Society Islands to Samoa.
Bora Bora, Society Islands
Depart: Friday 09.06.23
Distance 1218nm (solo)
Again, up early with the same routine, check phone, news, make tea, have breakfast. Today I was hoping that my paperwork for clearing out of French Polynesia had been completed by Papeete and had been sent back to the local gendarmerie. I called in and the same officer remembered my name and looked for the paperwork. Voila, it was there, passport stamped, I was free to go. I had some FP francs that would be of no use to me once I had left the island so I decided to get rid of them. I bought some engine oil, which isn’t sufficient to do an oil change but will be okay for topping up. However, the cashier wouldn’t allow me to use both cash and credit card to complete the purchase so off I went to buy something else. Two bottles of wine and a pack of salami. I thought I had enough cash but I was 100 francs short, about 73pence in sterling. I told the cashier to remove the salami from my bill, which she was about to do, when the lady next in the queue offered to make up the difference. She insisted and I thanked her for her generosity. Armed with my wine, salami and oil I returned to the boat. I was just about preparing to leave when I was asked to assist a French couple to help them get off the quay. The wind was blowing onshore and the hull of their boat was scraping the concrete wall and ruining the gel coat. By pushing the bow away and working towards the stern we managed to get them on their way. Now it was my turn! I asked three local people if they would do the same, my manoeuvre was going to be easier as I was at the end of the quay and just needed to get a bit of space between my hull and the wall and the reverse. Simple and straightforward, I was on my way. Fenders taken in, mooring lines taken in and mainsail bag unzipped ready to hoist the sail. Once in open water and with plenty of depth to work with I turned the boat into the wind and began to raise the sail. Difficult trying to keep the bow nose to wind but I eventually managed to get the sail up, but with the second reef put in. Although I have about 1200nm to get to Samoa common sense tells me to err on the side of caution, which I’m quite happy with. Once out of the channel and beyond the reef the Genoa was unfurled, again to the second reef. The wind was blowing quite strongly, gusting up to 22kts - that’s where I have set my wind alarm, and the sea state was choppy with 2 - 3m waves. I was on my way to Samoa, a passage of 1200+nm and sailing solo. This is the longest I have ever sailed on my own, but then I still have a further 4500nm to go after I get to Samoa! Had an unwelcome visitor this evening. A rather large (and presumably tired) sea bird. Unfortunately it left its calling card all over my solar panel. The bird was seen off and I had to clean the panel before it dried out! Supper was a beef stew. I have this for the next few nights. The beef was only slightly less tough than when I used it previously.
Trying to get into a routine of when to keep watch and when to try to sleep. I’m recording my log every six hours, 00:00, 06:00, 12:00 and 18:00 so these are the times I should be alert. At other times I am either reading or sleeping. I ran the water maker at 02:00 as I needed to have the engine on to charge up the batteries. Just after 06:00 I had a shower, might as well make use of the hot water and then cleaned the toilet! Breakfast and a cup of tea before putting my head down again. I have just finished the Dick Francis book, slightly better than the Clive Cussler books I read, but at least it occupies my time. At about 13:00 I heard over the VHF radio a mayday alert, MOB. I checked the coordinates given and this would be over a days sailing in the direction I have just come from. Wind is beginning to pick up but it is still very much on the stern and I cannot set the Genoa to hold open, I don’t have a spinnaker pole. The Genoa is really useless without one in these conditions. Not sure which book to read next, they are all thrillers. Which is the best of the bunch? I’ve picked Black Gold by Chris Ryan. 40 odd pages into the book and not very riveting, although it is about an oil spill in Curaçao, a place where I’ve recently visited. I’m heading slightly north of the rhumb line, hoping to get both sails working but this wind is constantly shifting! Time for bed methinks.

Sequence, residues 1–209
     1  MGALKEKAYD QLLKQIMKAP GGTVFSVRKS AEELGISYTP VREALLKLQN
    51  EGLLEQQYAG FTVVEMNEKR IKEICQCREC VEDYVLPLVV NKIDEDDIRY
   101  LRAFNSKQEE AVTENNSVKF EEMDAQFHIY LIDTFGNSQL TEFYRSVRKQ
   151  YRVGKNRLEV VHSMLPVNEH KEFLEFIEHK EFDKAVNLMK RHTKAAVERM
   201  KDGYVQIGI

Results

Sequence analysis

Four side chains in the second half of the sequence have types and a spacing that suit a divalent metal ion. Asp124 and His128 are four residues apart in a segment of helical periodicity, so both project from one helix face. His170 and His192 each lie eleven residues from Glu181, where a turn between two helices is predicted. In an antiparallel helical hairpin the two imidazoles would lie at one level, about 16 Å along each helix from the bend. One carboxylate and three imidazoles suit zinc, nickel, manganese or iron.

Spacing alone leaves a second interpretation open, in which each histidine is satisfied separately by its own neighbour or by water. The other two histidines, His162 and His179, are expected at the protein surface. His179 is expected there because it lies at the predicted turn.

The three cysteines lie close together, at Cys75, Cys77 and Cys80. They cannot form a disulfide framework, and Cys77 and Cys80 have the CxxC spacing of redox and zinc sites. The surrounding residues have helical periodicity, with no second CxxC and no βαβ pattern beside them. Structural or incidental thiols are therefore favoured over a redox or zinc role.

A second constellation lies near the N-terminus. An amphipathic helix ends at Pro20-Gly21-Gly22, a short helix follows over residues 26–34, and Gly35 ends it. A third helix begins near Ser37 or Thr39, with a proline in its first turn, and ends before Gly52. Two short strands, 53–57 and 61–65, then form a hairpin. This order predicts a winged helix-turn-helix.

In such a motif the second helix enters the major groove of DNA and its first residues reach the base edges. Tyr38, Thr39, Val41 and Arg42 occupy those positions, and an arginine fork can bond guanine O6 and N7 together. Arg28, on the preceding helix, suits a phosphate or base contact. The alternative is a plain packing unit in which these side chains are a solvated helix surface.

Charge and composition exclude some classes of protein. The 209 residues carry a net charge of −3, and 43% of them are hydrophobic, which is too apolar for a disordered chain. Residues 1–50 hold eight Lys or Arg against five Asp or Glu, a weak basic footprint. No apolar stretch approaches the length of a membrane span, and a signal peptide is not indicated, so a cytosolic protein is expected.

On watch at 02:00 as there’s a small atoll that I’ll be passing close by and I want to be sure that I give it a wide berth. I’ve also had to switch on the port engine for an hour to change the batteries. I’m not going fast enough for the water generator to work and the wind is not blowing hard enough for the wind generator to do the same. And as it’s night time there’s little chance of the solar panel being able to work! Up again at 06:00 to log; position, course, distance covered, pressure and wind. This is, as previously mentioned, a regular practice and also a legal requirement, just in case of any accidents that may be investigated. Breakfast as usual, yogurt and muesli with a cup of tea. This morning I peeled all the ‘healthy’ looking carrots, chopped them up and put them in the freezer. Some were beginning to go off, sweating in the plastic bags they came in. I also did the same with the celery, not peeled them but cut out all the pieces that had gone off. Lunch was a cheese and ham wrap. The wraps I think were bought in Panama, they are that bad which is why they have lasted so long! The crew preferred my chilli bread for lunch, but as I now have no crew I may as well eat the wraps before I bake again. The Chris Ryan book has bred read. It’s a bit of an upmarket Famous Five type adventure, but even more over the top! Okay, next book chosen, Harlen Coben’s ‘Fool me once’. Apparently a New York Times bestseller. Let me be the judge of that! Not too much to do except; look at the emptiness of the Pacific Ocean around me, read, eat and sleep, not necessarily in that order. My brother Frank, my weather router and guru has given me a new heading as a waypoint which gives a better sailing angle, and consequently, more speed.